Step 1: Domain discretizationThe solid body is divided into Ne elements with proper connectivity compatibility.All the elements form the entire domain of the problem without any gap or overlapping compatibility.There can be different types of element with different number of nodes.The density of the mesh depends upon the accuracy requirement of the analysis.The mesh is usually not uniform, and a finer mesh is often used in the area where the displacement gradient is larger.

    Triangular elements

    Nodes

    The Finite Element Method by G. R. Liu and S. S. Quek

    Step 2: Displacement interpolationBases on local coordinate system, the displacement within element is interpolated using nodal displacements.nf: Degree of freedoms at a nodend: number of nodes in an element

    fsy

    fsx

    A

    3 (x3, y3)

    (u3, v3)

    2 (x2, y2)

    (u2, v2)

    1 (x1, y1)

    (u1, v1)

    y, v

    x, u

    The Finite Element Method by G. R. Liu and S. S. Quek

    Step 2: Displacement interpolationN is a matrix of shape functionswhereShape function for each displacement component at a node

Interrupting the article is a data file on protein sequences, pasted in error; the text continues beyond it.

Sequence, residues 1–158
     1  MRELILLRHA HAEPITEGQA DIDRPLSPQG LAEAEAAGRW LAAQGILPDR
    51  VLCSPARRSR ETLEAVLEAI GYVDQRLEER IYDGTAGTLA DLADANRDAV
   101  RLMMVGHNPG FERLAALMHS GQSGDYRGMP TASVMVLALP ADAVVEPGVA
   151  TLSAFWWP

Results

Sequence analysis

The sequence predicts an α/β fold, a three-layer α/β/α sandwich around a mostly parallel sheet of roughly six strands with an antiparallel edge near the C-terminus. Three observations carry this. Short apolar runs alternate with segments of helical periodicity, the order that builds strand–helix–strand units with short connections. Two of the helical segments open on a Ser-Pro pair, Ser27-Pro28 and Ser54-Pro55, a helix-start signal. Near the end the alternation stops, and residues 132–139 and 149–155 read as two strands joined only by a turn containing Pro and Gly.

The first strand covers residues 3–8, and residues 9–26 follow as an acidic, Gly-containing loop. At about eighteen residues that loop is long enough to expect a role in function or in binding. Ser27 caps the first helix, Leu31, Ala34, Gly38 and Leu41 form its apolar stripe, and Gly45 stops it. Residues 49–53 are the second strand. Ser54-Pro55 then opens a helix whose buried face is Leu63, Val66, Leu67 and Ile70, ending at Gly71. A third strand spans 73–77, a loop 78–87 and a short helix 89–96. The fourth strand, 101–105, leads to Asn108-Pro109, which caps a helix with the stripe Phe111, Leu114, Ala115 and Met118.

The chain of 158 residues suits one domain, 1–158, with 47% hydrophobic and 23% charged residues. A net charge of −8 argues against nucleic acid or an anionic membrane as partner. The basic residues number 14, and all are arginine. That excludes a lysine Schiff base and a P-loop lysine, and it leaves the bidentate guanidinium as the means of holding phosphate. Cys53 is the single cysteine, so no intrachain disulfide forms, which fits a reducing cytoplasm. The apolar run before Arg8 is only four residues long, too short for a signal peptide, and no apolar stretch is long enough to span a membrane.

The Finite Element Method by G. R. Liu and S. S. Quek

    Displacement interpolationConstructing shape functionsConsider constructing shape function for a single displacement componentApproximate in the formpT(x)={1, x, x2, x3, x4,..., xp} (1D)Basis function

    The Finite Element Method by G. R. Liu and S. S. Quek

    Pascal triangle of monomials: 2D

    xy

    x

    x2

    x3

    x4

    x5

    y

    y2

    y3

    y4

    y5

    x2y

    x3y

    x4y

    x3y2

    xy2

    xy3

    xy4

    x2y3

    x2y2

    10 terms

    Constant terms: 1

    1

    6 terms

    Quadratic terms: 3

    Cubic terms: 4

    Quartic terms: 5

    Quintic terms: 6

    Linear terms: 2

    21 terms

    15 terms

    3 terms

    The Finite Element Method by G. R. Liu and S. S. Quek

    Pascal pyramid of monomials : 3D

    35 terms

    20 terms

    10 terms

    y4

    y3

    y2

    y

    x4

    x3

    x2

    x

    xy

    z

    xz

    yz

    xy2

    x2y

    x2z

    zy2

    z2

    xz2

    yz2

    xyz

    z3

    x3y

    x3z

    x2y2

    x2z2

    x2yz

    xy3

    zy3

    z2y2

    xy2z

    xyz2

    xz3

    z4

    z3y

    Quartic terms: 15

    Cubic terms: 10